On a rare sunny day in a July full of rain, Nicole Fredericks’17 and Preston Bui’20 helped Aliza Tresser’18 pull out the hose to water the Beloit Urban Garden for the first time that month. They are the three summer workers in charge of maintaining the crops just off Beloit College’s campus, and Tresser was trying to get through her duties before the Beloit Farmers’ Market ended just a few blocks away.
Tresser, an environmental studies major, always had a strong interest in community organizing and gardening, and through Beloit College’s sustainability program has been able to get hands-on experience that she hopes she can use while working on an urban garden after graduation. On that particular day, hands-on experience involved getting tangled up in a hose.
“We just put up a fence where our peas are,” says Fredericks, a media studies and theatre production major with a passion for organic farming. “It’s right where our hose goes, so everything’s a little different today.” The statement is a testament to the nature of the garden, affectionately known as “BUG”: a project always in flux with a constantly rotating group of students learning as they go. Tresser, Fredericks, and Bui had just a couple of months to make their mark on the garden before another group of students stepped in.
The garden grows at 1031 Church St., across from Karris Field in an empty lot the college purchased years ago in anticipation of possible expansion to the north. The project was started by students in 2013 to introduce sustainable agricultural practices to campus. From the beginning, the idea was to change the way students think about the food they eat and introduce simple ways to implement local and organic practices. Since then, the ebb and flow of volunteers and ever-changing vision have caused each season of the garden to evolve. Even as BUG gets more of its crops into the hands of the student body and gains visibility on campus, its future remains uncertain from one semester to the next. Each season, the viability of the harvest depends on financial stability, an unpredictable climate, and, of course, interest from students.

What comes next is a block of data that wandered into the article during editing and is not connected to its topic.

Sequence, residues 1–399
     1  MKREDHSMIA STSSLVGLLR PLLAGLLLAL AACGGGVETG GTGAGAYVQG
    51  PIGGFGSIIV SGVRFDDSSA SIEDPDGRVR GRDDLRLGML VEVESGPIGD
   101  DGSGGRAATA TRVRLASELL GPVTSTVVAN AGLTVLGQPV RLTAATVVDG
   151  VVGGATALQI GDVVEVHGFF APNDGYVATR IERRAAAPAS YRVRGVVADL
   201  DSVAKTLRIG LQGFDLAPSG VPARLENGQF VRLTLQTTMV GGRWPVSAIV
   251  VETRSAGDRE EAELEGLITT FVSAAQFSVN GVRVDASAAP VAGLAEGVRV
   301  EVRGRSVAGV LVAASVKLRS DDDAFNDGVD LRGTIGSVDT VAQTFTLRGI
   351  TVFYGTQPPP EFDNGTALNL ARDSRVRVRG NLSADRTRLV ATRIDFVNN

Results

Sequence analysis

First in the line of students behind BUG was Kyle Bohrer, a political science major with a double minor in biology and environmental science, who graduated in 2014. “The idea for the BUG originally came to me during study abroad in Denmark when I was taking a course on sustainability in Europe,” Bohrer says. “I was lucky enough to see a ton of awesome urban gardens and environmental projects throughout Europe, and when I came back to Beloit I knew I wanted to start a garden.”
When he was back on campus, he partnered with fellow students Clara Baker’13 and Lena Wright’16 to get funding and club approval from student government, create partnerships with the Sustainability Fellows program and the on-campus food service provider, and find the actual land to cultivate. They worked through the winter semester to make sure that once the ground finally thawed, they could hit it running.
“I worked the garden the first summer with a few other students who stayed in Beloit for other projects,” Bohrer says. “The organization around the BUG and engagement with the school and community really grew over the next year. We hosted some alumni events in the garden for Homecoming, partnered with local farms for knowledge and equipment, and started visiting other schools to learn from their urban gardens, too.”
A majority of the students, whether they know it or not, are exposed to BUG directly on the plate. Bon Appetit, the company that runs the student dining program, has always run on a farm-to-table model, so deciding to partner with the garden was a natural fit. During the first year of BUG—which was Bon Appetit’s second year on campus—general manager Ken Hnilo and his team purchased some of the initial seeds for the garden, sponsored meal plans for BUG volunteers, and set up an agreement to buy 100 percent of the produce harvested at market price. According to Hnilo, it’s all part of an effort to introduce young people to the health, environmental, and taste benefits of locally sourced food.
“I know the people that work at BUG are very passionate about what they do, I know our cooks are very passionate about what they do, and I hope that the consumers truly understand and feel the benefits of all the positivity that’s gone into something like that, into those dishes,” Hnilo says. “I would love to do a taste test: Which is better, A or B, BUG or conventional? I would put my paycheck on it that a majority of the people would pick what is locally grown, without a doubt.”